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I liken a credit card to a stick of dynamite. Dynamite is a useful tool in the hands of a few disciplined people. However, dynamite in EVERYONE'S hands is going to result in a high rate of incidents.

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post #10 of 43 (permalink) Old 05-20-2009, 08:54 AM Thread Starter
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The problem is the perception that it is the poor decision makers that are the issue. Just look at the middle class folks that have lost jobs in the past two years, the MILLIONS of them. Are they just "poor decision makers"? Did THEY know their job was going to Bangalore?

Yes, there is Medicaid for the very poor but the problem with the credit card folks is not that deep poverty group as much as it is the next two tiers up, those that don't qualify for Medicaid.

You say "I just don't see why we should shed a tear about a person who doesn't pay their bills." This bill is for those who CAN'T or for those who COULD but, because of circumstance no longer can. That is much different than the DOESN'T.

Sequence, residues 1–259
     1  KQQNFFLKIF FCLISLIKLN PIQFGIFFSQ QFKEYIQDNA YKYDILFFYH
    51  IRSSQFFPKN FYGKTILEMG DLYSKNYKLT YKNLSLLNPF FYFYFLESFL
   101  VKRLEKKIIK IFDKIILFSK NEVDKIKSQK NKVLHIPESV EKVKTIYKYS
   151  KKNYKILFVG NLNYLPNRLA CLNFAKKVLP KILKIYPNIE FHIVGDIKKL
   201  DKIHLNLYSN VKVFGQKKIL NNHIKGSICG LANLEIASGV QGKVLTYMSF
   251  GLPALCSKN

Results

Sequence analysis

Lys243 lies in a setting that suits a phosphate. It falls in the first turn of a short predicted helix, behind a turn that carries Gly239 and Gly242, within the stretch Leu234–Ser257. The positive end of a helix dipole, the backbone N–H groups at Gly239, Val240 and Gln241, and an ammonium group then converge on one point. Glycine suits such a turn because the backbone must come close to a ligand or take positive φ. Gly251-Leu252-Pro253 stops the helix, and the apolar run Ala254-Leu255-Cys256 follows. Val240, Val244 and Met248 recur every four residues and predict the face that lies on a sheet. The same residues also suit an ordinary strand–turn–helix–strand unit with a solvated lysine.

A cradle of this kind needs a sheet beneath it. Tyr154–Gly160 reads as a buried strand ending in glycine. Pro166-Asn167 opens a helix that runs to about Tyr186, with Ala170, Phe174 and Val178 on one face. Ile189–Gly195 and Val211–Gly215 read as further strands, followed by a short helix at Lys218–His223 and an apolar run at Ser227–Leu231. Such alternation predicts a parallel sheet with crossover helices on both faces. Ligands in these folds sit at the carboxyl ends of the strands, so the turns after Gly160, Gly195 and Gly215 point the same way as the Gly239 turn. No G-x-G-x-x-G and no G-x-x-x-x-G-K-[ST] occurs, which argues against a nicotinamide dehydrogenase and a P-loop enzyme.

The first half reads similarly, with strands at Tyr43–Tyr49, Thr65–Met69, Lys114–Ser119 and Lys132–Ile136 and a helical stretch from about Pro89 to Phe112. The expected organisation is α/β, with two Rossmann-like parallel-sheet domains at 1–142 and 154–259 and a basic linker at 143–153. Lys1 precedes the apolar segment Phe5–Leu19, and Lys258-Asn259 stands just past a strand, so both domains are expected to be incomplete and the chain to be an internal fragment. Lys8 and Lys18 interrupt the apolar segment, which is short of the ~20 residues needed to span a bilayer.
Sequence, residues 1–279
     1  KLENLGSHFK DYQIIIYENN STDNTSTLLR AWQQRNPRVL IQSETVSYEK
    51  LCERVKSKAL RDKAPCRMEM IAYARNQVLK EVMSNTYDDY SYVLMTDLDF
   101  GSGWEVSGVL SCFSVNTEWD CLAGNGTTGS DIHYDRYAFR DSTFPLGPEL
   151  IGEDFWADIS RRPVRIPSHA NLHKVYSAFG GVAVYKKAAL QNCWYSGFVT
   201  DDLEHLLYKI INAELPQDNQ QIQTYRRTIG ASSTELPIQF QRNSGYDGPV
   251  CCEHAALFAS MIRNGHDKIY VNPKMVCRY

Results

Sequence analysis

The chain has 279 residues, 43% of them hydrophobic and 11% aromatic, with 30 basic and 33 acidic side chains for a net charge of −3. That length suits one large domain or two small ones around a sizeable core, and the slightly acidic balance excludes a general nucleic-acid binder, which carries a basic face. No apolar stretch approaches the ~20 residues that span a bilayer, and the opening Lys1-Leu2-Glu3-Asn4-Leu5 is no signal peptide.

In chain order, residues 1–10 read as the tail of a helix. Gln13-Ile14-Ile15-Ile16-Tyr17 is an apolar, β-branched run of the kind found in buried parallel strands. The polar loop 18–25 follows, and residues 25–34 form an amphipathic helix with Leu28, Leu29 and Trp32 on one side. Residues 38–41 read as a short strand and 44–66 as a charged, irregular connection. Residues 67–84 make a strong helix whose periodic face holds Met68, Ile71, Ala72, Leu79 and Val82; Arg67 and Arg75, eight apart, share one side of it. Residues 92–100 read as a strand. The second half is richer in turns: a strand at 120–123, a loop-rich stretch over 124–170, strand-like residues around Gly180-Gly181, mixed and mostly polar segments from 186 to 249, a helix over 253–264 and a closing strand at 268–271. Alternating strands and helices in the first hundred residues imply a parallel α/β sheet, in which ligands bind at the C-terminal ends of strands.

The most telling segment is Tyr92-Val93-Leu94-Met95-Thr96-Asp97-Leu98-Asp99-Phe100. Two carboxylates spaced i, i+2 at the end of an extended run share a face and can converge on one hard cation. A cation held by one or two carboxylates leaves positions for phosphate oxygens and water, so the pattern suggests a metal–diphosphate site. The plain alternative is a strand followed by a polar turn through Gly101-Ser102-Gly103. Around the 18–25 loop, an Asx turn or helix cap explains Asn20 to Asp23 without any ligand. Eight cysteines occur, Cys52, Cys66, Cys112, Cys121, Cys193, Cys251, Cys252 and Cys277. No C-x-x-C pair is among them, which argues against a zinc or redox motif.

I have dealt with both types. There certainly are "doesn't". And yes, they do have the sat dish and the new trucks...maybe. But they are a minority, all statistics show them the minority, not the majority. And we also don't know who might be paying for that truck so they can get to work. Might be mom and dad who want billy to make sure he can get his ass to work.

Just like the foreclosure rumors of last year, where it was swirling that it was mainly those "speculators" and "those folks that got in over their heads". Well, it turned out to be Ma and Pa who just got behind because the economy fuxored on their heads and their jobs and lives...and credit.
While I worked in Sales (Commission and a Salary at about $24k) I made good money when I was working. The industry I serviced was the automotive for the most part. Needless to say last one hired first one fired.